Outcome dependency: Attention, attribution, and attraction

  • Berscheid E
  • Graziano W
  • Monson T
 et al. 
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Abstract

Theoretical and empirical work on the processes by which dispositional characteristics are attributed to others has focused almost exclusively on how such processes proceed once the perceiver has been motivated to initiate them. The problem of identifying the factors which prompt the perceiver to engage in an attributional analysis in the first place has been relatively ignored. It was hypothesized that high outcome dependency upon another, under conditions of high unfamiliarity, is associated with the initiation of an attributional analysis as evidenced by (a) increased attention to the other, (b) better memory of the other's characteristics and behavior, (c) more extreme and confidently given evaluations of the other on a variety of dispositional trait dimensions, and (d) increased attraction to the other. These hypotheses were tested within the context of a study of heterosexual dating relationships in which 27 male and 27 female 18-22 yr old volunteers anticipated varying degrees of dependence upon another for their dating outcomes. Findings support the view that the data processing operations of the social perceiver--from attention to memory to attribution--are part of a unified whole and may be viewed as manifestations of an underlying motivation to predict and control the social environment. (20 ref) (PsycINFO Database Record (c) 2012 APA, all rights reserved)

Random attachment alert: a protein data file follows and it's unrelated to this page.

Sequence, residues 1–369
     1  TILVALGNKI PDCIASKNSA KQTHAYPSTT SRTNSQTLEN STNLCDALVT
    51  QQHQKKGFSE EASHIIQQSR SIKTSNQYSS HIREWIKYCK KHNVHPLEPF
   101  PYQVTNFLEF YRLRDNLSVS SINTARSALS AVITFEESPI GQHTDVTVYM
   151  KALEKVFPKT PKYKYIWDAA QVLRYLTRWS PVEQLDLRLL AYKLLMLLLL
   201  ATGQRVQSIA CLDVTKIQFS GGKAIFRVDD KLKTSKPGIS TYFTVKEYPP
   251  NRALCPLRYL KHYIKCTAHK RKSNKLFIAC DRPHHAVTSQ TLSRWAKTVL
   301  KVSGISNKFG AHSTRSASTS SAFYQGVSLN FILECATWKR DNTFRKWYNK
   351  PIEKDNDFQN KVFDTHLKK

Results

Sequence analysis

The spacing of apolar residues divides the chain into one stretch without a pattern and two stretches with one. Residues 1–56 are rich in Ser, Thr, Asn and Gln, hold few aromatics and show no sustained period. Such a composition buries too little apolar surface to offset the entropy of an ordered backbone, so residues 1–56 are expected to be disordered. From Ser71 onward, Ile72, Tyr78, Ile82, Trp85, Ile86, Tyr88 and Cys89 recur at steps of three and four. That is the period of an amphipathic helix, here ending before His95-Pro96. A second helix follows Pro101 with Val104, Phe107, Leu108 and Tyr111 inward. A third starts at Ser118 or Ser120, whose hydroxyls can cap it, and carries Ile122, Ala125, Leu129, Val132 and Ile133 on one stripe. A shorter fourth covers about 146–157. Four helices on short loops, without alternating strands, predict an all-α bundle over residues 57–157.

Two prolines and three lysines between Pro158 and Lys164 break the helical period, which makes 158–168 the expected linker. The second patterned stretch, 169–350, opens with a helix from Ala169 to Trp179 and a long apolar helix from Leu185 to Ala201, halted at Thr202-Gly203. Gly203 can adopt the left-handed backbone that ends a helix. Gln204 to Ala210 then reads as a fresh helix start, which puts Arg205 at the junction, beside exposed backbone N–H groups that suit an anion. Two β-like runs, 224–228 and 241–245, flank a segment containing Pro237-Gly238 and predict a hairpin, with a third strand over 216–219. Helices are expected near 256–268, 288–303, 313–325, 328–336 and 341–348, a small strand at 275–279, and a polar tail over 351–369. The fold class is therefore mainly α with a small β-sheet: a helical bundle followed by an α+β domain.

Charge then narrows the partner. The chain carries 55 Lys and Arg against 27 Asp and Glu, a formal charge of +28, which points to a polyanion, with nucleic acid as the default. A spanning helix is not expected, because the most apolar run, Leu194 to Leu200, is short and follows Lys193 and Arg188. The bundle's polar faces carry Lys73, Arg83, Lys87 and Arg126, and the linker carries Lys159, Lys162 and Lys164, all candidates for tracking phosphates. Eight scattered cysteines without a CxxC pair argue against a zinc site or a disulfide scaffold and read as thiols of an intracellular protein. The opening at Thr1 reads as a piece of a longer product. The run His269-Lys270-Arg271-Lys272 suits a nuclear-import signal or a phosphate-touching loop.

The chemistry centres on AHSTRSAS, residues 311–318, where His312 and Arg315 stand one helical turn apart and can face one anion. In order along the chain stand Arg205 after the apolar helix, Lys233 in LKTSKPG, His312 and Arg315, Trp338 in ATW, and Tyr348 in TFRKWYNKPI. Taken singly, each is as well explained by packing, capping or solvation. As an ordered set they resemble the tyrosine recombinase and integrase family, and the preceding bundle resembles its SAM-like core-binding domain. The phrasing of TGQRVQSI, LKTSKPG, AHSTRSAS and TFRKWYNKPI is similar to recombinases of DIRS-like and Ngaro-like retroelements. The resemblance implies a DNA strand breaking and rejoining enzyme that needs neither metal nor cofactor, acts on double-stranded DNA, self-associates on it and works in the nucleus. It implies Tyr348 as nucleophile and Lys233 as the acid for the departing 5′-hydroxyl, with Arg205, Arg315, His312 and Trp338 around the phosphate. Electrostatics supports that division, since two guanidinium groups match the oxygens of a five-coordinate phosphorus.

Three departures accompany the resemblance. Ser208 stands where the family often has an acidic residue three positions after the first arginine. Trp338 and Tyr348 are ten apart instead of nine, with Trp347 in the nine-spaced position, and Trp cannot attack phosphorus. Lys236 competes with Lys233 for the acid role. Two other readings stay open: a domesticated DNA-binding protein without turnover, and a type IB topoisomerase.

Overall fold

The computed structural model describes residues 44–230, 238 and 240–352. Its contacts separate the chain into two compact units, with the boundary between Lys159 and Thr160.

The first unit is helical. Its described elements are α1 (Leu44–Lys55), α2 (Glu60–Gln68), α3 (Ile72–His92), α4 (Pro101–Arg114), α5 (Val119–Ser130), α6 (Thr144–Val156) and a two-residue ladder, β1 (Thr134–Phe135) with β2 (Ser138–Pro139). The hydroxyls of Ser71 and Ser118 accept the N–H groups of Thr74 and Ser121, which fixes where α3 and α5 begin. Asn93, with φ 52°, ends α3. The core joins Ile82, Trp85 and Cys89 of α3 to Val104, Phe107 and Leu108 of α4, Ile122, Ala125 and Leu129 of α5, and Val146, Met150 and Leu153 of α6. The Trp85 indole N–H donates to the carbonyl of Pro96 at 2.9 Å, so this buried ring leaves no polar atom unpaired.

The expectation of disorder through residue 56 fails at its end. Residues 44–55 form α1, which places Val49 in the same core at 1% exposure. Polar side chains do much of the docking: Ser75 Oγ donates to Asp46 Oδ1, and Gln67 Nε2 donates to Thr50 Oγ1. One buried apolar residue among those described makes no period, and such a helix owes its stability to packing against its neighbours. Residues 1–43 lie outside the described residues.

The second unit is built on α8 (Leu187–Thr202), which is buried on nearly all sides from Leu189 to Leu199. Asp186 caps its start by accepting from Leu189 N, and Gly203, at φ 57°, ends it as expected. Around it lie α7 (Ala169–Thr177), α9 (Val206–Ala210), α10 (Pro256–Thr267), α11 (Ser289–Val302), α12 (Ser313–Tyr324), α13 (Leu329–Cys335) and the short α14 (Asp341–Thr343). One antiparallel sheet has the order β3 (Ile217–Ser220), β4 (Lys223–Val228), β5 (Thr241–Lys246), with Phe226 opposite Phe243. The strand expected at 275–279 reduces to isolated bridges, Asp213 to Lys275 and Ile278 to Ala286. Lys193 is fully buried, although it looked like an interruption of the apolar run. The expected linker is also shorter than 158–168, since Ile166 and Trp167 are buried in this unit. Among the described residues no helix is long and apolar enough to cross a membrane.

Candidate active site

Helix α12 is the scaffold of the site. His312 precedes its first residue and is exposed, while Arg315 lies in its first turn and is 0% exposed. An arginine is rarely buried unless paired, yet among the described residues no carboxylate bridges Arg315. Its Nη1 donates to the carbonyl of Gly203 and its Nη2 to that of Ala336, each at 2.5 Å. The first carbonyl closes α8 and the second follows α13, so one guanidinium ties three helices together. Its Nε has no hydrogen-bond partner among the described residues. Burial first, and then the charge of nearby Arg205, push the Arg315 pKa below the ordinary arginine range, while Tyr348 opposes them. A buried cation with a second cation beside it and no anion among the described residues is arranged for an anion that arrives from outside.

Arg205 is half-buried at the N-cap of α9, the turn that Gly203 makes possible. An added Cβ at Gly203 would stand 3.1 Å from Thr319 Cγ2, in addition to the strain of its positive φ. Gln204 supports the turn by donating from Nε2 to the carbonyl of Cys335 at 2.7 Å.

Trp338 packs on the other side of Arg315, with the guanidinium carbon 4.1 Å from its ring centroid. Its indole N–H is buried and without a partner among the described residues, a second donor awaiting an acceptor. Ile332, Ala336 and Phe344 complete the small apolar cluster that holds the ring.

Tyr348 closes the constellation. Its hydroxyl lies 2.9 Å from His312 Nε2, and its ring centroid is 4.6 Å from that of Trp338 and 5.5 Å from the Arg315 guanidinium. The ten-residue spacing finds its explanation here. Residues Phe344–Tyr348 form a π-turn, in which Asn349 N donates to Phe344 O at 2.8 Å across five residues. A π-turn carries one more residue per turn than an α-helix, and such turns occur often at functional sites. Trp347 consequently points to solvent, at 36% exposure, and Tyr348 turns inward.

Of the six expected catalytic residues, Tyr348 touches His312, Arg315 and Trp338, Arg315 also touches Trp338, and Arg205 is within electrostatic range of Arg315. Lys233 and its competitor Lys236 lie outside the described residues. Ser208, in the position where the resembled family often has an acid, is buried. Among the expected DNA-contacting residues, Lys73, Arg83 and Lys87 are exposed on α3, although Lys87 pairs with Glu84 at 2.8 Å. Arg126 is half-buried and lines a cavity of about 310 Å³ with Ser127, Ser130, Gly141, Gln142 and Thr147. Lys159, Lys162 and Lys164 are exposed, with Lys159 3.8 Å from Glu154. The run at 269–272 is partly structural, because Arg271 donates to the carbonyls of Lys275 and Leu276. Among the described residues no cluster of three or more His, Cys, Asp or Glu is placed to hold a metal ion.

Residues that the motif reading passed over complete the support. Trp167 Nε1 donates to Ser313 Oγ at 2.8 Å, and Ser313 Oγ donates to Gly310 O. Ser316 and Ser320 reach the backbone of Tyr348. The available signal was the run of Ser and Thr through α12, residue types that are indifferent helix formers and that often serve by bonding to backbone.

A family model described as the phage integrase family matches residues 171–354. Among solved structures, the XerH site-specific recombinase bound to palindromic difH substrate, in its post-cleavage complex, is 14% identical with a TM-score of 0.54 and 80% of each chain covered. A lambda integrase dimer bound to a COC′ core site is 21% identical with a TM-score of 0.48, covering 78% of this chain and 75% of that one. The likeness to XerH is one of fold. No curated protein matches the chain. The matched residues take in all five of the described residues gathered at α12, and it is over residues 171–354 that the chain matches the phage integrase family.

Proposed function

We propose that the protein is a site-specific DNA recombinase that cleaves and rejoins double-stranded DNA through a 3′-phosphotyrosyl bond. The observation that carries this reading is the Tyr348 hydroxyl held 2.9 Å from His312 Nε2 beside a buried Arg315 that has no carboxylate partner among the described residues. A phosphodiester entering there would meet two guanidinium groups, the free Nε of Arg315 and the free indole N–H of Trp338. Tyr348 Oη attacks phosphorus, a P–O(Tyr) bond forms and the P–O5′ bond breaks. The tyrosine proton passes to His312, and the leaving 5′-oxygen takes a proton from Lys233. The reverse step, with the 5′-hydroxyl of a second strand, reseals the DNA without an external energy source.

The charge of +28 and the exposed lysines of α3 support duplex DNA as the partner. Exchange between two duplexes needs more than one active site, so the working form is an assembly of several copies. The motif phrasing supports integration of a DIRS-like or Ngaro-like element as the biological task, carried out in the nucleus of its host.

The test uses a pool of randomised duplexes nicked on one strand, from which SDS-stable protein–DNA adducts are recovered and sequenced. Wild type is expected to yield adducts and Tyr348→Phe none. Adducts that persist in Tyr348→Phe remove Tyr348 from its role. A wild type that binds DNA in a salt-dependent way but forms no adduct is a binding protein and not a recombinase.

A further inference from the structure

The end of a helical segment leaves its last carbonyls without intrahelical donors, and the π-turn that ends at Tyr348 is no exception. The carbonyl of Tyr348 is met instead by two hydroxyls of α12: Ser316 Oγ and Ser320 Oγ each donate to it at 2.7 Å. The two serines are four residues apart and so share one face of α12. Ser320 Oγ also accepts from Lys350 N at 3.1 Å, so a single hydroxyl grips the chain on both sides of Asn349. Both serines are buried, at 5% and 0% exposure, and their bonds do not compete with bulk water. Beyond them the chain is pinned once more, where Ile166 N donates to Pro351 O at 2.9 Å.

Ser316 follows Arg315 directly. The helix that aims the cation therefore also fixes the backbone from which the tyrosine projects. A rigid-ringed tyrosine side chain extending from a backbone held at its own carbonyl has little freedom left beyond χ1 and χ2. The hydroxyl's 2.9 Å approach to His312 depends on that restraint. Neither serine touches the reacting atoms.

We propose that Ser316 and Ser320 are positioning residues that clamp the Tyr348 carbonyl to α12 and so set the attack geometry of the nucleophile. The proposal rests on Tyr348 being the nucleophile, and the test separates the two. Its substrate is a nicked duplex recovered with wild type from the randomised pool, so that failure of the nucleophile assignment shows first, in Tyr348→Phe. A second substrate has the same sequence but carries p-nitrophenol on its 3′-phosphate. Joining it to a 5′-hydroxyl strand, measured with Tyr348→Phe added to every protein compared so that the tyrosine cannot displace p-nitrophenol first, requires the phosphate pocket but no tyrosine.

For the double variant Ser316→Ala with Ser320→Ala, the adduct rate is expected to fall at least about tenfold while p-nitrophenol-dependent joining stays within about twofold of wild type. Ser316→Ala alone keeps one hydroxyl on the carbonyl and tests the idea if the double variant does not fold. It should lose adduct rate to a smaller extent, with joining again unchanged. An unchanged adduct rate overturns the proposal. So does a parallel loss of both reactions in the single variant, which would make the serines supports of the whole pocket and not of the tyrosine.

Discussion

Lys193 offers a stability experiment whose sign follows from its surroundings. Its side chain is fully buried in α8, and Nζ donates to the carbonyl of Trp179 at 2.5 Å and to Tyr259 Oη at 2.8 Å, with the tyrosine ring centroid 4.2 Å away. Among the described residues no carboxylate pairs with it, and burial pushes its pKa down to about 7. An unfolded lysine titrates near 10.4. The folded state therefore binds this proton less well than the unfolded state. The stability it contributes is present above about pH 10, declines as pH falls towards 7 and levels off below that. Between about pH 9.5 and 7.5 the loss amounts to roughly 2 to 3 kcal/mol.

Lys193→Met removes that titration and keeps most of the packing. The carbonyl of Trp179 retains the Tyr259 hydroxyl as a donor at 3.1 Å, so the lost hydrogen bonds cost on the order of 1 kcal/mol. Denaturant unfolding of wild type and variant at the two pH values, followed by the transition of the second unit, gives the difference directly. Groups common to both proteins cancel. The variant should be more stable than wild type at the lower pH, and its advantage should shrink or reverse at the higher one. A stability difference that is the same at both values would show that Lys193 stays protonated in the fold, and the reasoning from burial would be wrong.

Author-supplied keywords

  • attention &
  • attraction to &
  • attributions about others, outcome dependency upon another, 18-22 yr olds in dating relationships

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